c. 2024 pitt & sherry

Diesel emissions rising fast

The March 2016 Carbon Emissions Index (CEDEX®) Report by pitt&sherry; and The Australia Institute (TAI) indicates that electricity generation continues to be the greatest contributor to emissions, principally through black and brown coal generation, while gas generation decreased slightly and renewable sources remained relatively unchanged. The use of black coal generation has increased slightly, but has been offset by decreases in brown coal.


  • Emissions reported by CEDEX® have risen by an amount equal to 2.2% of total national emissions in the 18 months to December, 2015
  • Electricity demand continues to follow the same trends as outlined in previous reports – that is, the slide in demand that had been pronounced from 2010, ended by early 2015 and has been replaced by steady and consistent growth


  • Emissions remain relatively unchanged to end December, but are expected to rise in 2016 as government seeks alternatives to the Basslink supply through gas-fired and containerised diesel generators
  • Discussions underway for industry to curtail electricity consumption, but little encouragement for domestic users to follow suit


  •  Black coal generation has increased, but offset by a decrease in brown coal. Total coal generation is at 76% to February 2016, with very little change in the last four months
  • Renewable electricity has increased to 13.1%, in the short term caused by increased generation by Snowy Hydro, and over the longer term attributable to growth in wind generation, although that is currently at a standstill.


  •  Emissions from natural gas consumption have slightly eased compared to the previous CEDEX® Reports
  • The three Gladstone LNG plants are likely to increase Australia’s emissions in the order of 0.4 Mt CO2-e from gas consumed to power the liquefaction process, for every 100PJ of coal seam gas supplied to the plants.


  •  Road transport and mining consumption of diesel increasing at an annual compound rate of 4.6% adding 7.6 Mt CO2-e (1.4% of total emissions).

Petroleum and in particular diesel, along with electricity generation, is a significant contributor to the increased growth in emissions with road transport and mining applications producing the weight of the CO2-e emissions. Road transport encompasses truck freight, light vehicles (cars) and buses where diesel is the primary fuel. In mining the major use of diesel is for excavation and in-mine haulage equipment.  Most of the rail systems transporting minerals from mine to port are also fuelled by diesel.

Figure 1      

Figure 2                                                                                    

In Figures 1 & 2 it can be seen that the consumption of diesel via road transport and mining has risen significantly compared to other sectors such as agriculture which has remained relatively flat.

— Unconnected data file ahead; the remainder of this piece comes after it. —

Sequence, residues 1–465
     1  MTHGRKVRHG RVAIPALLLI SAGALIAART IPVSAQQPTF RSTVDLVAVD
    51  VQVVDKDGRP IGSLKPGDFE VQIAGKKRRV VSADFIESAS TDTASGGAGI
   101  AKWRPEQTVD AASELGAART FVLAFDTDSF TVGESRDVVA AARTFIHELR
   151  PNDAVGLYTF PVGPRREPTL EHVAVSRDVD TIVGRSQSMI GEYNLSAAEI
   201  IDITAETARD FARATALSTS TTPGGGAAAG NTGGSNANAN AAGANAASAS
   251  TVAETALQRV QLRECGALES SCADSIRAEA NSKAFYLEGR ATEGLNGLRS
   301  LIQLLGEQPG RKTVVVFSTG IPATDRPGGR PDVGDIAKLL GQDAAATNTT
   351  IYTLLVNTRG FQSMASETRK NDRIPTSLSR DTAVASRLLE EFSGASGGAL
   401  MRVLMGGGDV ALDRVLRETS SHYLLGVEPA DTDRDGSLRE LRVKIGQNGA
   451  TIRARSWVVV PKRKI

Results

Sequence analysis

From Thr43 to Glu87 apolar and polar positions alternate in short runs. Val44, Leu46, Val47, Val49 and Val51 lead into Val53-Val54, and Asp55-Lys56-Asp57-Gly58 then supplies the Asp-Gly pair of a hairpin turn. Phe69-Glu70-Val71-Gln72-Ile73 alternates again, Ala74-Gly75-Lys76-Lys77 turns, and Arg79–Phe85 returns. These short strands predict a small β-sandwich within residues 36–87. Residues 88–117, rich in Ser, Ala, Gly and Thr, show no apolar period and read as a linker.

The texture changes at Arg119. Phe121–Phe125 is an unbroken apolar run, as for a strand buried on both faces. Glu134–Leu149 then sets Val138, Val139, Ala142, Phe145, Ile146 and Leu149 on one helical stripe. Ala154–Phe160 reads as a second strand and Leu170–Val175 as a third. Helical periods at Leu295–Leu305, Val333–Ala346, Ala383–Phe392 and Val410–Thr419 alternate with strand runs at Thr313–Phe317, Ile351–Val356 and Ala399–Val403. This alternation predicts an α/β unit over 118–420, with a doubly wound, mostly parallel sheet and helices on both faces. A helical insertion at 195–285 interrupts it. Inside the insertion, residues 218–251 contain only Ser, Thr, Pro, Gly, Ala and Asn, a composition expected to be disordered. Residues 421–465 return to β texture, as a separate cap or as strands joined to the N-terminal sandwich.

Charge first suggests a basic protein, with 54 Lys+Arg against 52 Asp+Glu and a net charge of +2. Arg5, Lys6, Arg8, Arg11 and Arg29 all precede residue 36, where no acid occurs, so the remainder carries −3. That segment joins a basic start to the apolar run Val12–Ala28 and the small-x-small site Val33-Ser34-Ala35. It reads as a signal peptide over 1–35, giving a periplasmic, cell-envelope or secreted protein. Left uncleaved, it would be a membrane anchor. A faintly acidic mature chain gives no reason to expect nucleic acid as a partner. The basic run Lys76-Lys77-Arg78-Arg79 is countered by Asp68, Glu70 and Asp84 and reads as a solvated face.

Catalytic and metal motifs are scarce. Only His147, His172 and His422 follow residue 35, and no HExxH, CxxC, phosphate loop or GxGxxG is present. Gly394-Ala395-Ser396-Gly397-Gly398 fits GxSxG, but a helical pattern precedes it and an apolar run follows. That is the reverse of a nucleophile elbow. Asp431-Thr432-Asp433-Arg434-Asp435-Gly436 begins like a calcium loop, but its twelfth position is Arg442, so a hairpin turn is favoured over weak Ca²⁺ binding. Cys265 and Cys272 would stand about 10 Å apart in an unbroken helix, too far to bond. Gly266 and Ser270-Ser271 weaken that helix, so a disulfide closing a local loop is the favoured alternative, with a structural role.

According to the most recent data published in 2015 for the preceding financial year by the Bureau of Infrastructure, Transport and Regional Economics, the total Australian road freight increased at an average compound rate of 2.6% p.a. between 2005-06 and 2012-13.  By contrast, road transport diesel consumption shown in Figure 2 grew by an average annual compound rate of 4.6% over the same period.  Even if it is assumed that there was no increase in road freight efficiency over this period, the difference indicates a major shift from petrol to diesel as a fuel for light vehicles.  The mining industry has contributed some 49% of diesel consumption, increasing in the order of 125% since 2008.

Dr Hugh Saddler, Senior Principal – Energy Strategies at pitt&sherry, said that “The shift by new car purchasers to diesel engines in recent years has certainly played a part in emissions reduction, but the increased number of vehicles may have offset that advantage.

“In terms of freight transport, the use of rail for moving some of the goods currently transported by road would significantly reduce the emissions created by trucks. On a per tonnage and kilometre measure, the amount of diesel emissions via rail would be significantly lower than for the same tonnage and distance using trucks.”

According to Matt Hyatt, Group Executive –Victoria of pitt&sherry “The data clearly demonstrates the trend towards diesel usage in light commercial vehicles and an increase in freight and commercial activity. It is important therefore, to look at reducing traffic congestion in the major cities. Consumers are already looking for more fuel efficient engines.

“In addition, projects such as the heavy haul rail infrastructure at Moorebank Integrated Precinct in Sydney highlights that investment in rail infrastructure will reduce the congestion and wear on our road networks.”

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